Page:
Are you kidding me? Or, why we’ll wait glibc 2.14 for a while

A couple of days ago I noted the move to glibc 2.14 of my tinderbox with the hope to quickly find and fix the packages that depend on the now-removed RPC interface. I didn’t expect this kind of apocalypse, but I’m almost wanting to cry, thinking about the mess this version seems to create.

First of all, it doesn’t seem like it’s just Ruby being hit by memory corruption issues, which makes it likely that the new memcpy() interface noted in the ChangeLog is to blame. I haven’t had time to debug this yet though.

A new scary situation arose as well: wget exits with a segmentation fault when trying to resolve any hostname that is not in /etc/hosts, which in the case of the tinderbox means anything that is not localhost or Yamato (as that’s where the Squid proxy is added that caches requests for the fetched Gentoo data). I’m not sure of the cause yet, as the fault happens not within the executable’s code but directly into libresolv, which would point at a bug in glibc itself.

For what concern RPC, I’m surprised that there are so many packages depending on it, and fo the widest variety: multimedia, scientific, network analysis tools, and so on. Now, I was optimist in my previous post, expecting that for most, if not all, of the packages using RPC would be fixed by relying on libtirpc. Ooh boy, how wrong I was.

See the issue is this: libtirpc itself does not build on glibc-2.14, as it relies on one of the NIS/YP headers that has also been removed. Even worse, the latest version (0.2.2) of libtirpc, which I hoped would solve the issue, does not work on any system at all, since a change by our very own Mike (vapier), which was merged upstream just before 0.2.2 release, causes the build to produce a library that lacks a couple of symbols — the source file where they are defined was not added, but even when you add it, you get a couple more symbols being missing. And this release has been out for over a month without any sign of a 0.2.3 coming (upstream repository is still broken, at the time of writing).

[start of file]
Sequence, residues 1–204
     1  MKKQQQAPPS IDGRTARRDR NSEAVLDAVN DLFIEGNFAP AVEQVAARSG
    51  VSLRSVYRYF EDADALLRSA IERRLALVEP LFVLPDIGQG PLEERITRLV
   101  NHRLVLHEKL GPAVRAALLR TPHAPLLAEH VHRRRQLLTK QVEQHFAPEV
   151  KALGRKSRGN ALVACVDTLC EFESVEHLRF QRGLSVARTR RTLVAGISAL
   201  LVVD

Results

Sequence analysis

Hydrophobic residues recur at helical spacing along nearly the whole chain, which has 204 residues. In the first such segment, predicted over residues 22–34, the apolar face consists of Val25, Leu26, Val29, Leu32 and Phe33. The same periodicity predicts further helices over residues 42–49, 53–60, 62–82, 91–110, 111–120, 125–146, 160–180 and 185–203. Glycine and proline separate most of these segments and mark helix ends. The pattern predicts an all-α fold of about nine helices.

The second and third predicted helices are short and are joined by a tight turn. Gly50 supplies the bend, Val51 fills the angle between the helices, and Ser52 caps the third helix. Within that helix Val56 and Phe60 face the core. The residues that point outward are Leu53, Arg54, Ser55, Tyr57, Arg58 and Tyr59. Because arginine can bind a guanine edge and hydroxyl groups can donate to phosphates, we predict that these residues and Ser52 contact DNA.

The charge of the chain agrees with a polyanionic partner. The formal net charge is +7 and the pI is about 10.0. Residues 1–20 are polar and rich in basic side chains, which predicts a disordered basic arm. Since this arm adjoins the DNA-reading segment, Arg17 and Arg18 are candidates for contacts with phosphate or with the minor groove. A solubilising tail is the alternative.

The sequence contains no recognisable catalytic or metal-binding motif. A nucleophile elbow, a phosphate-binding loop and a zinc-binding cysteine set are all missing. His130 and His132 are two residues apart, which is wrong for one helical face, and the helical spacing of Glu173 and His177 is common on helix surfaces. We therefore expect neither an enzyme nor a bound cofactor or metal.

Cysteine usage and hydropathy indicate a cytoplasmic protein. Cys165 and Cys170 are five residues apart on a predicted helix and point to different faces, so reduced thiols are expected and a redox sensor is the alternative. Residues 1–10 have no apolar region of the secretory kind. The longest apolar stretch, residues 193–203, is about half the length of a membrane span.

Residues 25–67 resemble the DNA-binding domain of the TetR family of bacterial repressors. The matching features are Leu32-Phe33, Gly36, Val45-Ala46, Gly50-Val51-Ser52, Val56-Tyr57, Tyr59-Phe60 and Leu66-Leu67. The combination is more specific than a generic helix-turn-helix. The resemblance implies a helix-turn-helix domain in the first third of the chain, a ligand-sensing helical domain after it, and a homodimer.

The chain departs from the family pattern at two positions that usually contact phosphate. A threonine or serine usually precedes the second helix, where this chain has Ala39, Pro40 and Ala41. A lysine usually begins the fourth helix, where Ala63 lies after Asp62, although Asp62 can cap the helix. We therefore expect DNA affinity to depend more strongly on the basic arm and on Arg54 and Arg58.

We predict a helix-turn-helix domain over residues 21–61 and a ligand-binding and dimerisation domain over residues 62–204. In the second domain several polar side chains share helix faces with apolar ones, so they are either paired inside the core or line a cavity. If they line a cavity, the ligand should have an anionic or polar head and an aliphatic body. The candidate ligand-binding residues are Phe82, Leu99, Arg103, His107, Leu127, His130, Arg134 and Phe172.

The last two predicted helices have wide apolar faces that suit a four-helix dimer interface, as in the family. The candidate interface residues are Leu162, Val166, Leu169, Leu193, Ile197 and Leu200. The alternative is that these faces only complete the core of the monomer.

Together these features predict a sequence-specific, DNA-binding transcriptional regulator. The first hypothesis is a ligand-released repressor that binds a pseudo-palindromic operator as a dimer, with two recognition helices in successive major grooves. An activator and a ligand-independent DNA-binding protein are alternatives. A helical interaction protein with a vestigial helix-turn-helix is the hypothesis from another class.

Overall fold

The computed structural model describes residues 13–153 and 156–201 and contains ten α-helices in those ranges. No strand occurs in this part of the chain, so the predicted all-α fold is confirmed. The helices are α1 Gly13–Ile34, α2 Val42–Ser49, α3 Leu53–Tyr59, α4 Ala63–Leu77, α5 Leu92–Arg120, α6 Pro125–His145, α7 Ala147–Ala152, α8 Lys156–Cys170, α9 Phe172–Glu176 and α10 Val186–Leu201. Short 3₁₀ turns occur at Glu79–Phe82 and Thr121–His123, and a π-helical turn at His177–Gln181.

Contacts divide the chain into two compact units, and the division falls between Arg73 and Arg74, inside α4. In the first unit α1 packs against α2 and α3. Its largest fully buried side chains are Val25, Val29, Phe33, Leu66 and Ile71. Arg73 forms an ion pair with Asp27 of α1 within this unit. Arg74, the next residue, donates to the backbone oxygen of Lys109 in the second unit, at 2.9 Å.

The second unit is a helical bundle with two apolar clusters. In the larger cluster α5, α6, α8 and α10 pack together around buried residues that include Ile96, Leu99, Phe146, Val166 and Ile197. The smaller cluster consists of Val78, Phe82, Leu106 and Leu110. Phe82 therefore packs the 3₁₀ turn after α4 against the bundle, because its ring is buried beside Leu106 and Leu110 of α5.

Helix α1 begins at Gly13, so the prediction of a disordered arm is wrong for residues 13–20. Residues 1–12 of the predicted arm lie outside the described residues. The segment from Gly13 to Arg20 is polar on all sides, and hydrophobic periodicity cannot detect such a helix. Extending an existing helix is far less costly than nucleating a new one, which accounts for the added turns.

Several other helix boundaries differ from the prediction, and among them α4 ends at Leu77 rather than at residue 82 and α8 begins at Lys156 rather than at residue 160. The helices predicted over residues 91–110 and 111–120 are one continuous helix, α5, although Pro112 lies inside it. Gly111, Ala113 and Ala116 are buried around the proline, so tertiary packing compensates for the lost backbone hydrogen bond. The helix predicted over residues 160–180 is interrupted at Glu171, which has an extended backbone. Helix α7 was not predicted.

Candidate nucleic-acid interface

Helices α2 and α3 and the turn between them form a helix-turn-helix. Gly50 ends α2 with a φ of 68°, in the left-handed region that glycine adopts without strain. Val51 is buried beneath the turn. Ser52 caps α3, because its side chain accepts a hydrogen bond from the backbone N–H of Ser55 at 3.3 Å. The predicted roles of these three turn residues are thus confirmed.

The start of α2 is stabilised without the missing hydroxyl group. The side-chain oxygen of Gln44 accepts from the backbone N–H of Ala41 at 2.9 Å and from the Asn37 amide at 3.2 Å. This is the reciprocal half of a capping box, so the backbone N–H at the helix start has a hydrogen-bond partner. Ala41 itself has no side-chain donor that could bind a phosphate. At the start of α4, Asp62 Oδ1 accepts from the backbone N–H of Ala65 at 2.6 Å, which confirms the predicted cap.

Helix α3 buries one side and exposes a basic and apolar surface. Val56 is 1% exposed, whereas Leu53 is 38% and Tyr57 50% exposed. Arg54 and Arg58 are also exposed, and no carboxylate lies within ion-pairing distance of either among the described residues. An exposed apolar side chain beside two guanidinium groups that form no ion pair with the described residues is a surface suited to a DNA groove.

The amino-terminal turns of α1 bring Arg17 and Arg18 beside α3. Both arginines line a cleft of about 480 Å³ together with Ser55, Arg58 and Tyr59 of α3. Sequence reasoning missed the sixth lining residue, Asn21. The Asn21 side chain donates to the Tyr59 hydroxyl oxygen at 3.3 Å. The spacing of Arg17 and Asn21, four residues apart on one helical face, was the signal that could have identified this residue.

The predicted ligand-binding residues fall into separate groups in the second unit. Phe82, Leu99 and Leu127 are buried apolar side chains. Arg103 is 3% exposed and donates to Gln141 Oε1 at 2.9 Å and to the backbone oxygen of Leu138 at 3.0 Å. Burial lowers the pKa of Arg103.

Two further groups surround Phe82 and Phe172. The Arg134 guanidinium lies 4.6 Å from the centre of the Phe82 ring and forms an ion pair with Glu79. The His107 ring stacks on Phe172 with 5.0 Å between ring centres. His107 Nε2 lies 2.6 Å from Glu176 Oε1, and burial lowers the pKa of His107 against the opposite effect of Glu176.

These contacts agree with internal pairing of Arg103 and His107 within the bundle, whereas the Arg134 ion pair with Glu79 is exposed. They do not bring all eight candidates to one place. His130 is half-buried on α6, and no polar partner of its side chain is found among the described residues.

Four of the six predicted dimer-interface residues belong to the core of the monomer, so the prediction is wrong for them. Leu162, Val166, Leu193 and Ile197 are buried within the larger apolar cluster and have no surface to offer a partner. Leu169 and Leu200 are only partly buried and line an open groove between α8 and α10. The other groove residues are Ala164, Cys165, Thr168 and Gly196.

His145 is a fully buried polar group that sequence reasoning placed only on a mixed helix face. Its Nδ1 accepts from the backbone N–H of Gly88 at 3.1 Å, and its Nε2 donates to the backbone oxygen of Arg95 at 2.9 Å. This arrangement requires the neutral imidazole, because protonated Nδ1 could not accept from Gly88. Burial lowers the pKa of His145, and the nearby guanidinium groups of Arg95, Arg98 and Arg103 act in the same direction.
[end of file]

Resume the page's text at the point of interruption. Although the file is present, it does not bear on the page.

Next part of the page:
Are you freaking kidding me?

Oh and for those who wonder, the issue with base versioning that, as I’ve told, is holding up implementing base version support in gold, is still not fixed. This means that packages such as fuse, included, who wanted to keep binary compatibility with their original unversioned symbols are still not getting any compatibility, even with this version. In my personal opinion it would be a good time to drop the code for that in fuse, but upstream prefers waiting for the new 3.0 version, which is going to get tricky.

With all this considered, it really looks like a very badly broken release, and one that makes me wonder if it wasn’t too inconsiderate to reject the idea of moving to the eglibc patchset/fork like Debian and Ubuntu seems to have done.

7 thoughts on “Are you kidding me? Or, why we’ll wait glibc 2.14 for a while

  1. Don’t forget: http://sourceware.org/bugzi…This bug was introduced because Ulrich took some(bug-free) patches from Andreas Schwab and messedwith them.When you look at the git glibc history you’ll seethat Ulrich merged most changes 1-2 days beforethe 2.14 release. So nobody had a chance to review them.I think it’s time for Ulrich to step aside as glibcmaintainer.

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  2. I hope someone will stops Vapier from commiting glibc-2.14 to tree, because it will be even bigger disaster than the one with prelink and 2.13.

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  3. Switching to eglibc would definitely be lovely.As I remember, vapier said he’d consider eglibc if it weren’t for the upstream, for some braindead reason, using SVN.It’s also interesting to note that Drepper, after 14 years of working at Red Hat, as of 6 months ago, he’s been employed by Goldman Sachs…

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  4. >It’s also interesting to note that Drepper, after 14 years of working at Red Hat, as of 6 months ago, he’s been employed by Goldman Sachs…Haha, that’s fitting. Just double checked and it’s true he is now:VP, Technology Division at Goldman Sachs

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  5. That is why people have a problem with removing features, because while there usually is a “replacement”, that replacement usually is barely (or as here, not at all) tested because nobody considers it important (if anyone thought it important they’d keep compatibility a bit longer, at least until a major bump – admittedly that rule doesn’t apply well to a libc).Though the “replacement” depending on the thing it is supposed to replace seems like a fail of unusual proportions.

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